“Reefer Madness” followed and although this is actually a pretty cool track it seemed a bit too bad that the vocals seemed to strain Turner’s voice far more than necessary, even though the band were seriously killing it throughout the instrumental sections with both guitar and saxophone solos still being quite vivid in my memory. Bathed in the beautiful lighting which had dominated the stage all night, Nik Turner (who I had initially believed to be a shadow of his former self) stood there as the veritable legend that he is, with the confidence that comes with it. “Something’s Not Right” is an early peak of the set for me as Turner’s voice perfectly transfers the feeling of anxiety from a bad trip without it ever coming across as corny or forced. Once more I am amazed by how effectively these five musicians in total manage to create such a dense, melodic sound reminiscent of the sound pioneered by Hawkwind which I so love.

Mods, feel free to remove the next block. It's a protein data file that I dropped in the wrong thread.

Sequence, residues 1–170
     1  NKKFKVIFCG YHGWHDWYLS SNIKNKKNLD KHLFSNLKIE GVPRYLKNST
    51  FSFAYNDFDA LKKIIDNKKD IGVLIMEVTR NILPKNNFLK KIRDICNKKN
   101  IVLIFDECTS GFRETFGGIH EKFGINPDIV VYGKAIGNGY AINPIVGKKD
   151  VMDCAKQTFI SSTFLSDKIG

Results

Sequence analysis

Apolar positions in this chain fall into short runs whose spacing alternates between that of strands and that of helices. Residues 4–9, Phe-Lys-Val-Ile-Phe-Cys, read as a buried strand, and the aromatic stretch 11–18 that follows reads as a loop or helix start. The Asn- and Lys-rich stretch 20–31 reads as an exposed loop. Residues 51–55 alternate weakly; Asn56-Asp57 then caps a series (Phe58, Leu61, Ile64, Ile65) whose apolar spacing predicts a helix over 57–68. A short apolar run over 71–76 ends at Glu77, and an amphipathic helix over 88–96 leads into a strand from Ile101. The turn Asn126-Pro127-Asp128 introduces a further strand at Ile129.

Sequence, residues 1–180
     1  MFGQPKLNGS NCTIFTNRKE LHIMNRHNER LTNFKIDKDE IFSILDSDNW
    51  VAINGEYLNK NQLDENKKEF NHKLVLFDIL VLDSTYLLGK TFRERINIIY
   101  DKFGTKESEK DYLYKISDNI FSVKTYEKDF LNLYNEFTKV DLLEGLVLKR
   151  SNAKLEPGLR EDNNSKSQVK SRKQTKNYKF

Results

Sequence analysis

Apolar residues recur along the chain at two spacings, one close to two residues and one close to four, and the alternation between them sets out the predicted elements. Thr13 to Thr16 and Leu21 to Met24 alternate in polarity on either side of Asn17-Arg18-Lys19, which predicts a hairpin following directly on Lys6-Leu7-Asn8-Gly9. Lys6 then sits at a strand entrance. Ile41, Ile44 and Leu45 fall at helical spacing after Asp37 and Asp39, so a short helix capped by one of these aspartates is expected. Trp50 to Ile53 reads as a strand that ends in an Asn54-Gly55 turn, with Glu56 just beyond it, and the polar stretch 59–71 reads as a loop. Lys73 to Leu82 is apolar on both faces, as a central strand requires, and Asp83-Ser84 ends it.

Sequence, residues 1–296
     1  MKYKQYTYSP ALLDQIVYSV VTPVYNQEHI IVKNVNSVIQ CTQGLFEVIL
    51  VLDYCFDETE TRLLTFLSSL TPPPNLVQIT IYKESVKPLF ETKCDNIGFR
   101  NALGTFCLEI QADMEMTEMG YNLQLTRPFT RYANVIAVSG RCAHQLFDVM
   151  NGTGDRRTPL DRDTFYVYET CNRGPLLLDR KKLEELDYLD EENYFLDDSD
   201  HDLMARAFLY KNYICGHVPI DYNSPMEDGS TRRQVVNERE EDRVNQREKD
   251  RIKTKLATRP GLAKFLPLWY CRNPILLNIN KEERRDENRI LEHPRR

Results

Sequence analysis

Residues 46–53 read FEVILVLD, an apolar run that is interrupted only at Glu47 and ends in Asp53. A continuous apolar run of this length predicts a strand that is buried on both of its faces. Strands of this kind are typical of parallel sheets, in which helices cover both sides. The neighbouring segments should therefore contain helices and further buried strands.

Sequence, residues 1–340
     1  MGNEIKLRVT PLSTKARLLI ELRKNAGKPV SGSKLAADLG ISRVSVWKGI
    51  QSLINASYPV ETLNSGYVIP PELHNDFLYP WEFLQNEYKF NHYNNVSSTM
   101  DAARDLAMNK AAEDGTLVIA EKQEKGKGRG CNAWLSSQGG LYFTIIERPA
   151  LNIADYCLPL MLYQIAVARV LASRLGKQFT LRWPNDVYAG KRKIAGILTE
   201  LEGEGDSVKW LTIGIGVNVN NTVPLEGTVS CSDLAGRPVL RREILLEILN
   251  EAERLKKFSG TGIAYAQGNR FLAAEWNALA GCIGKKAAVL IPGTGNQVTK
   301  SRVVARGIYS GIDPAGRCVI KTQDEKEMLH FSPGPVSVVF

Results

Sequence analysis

“Sonic Savages” was done as a tribute to the now late Lemmy Kilmister, former member of Hawkwind, in a quite subtle and underplayed manner. It was mentioned briefly that it was dedicated to him and the band’s dancer, Angel, held up a small pair of angelic wings with Lemmy written on them in between her manic and hypnotic dancing. Although I unfortunately had to leave briefly before Turner’s set ended, there is no doubt in mind that he managed to live up to (and exceed) my rather great expectations. He is a musical hero of mine, and those have a tendency to disappoint when you’ve already placed them on a pedestal. Although he (and the New Space Ritual Band) are not Hawkwind per se, they’re probably the closest I’ll ever get to see them and if that’s the case, then I can honestly say I’m satisfied. This won’t be the last time I’ll catch Turner’s New Space Ritual Band, if I have anything to say in the matter. Those who weren’t there and are fans of space rock most definitely missed out.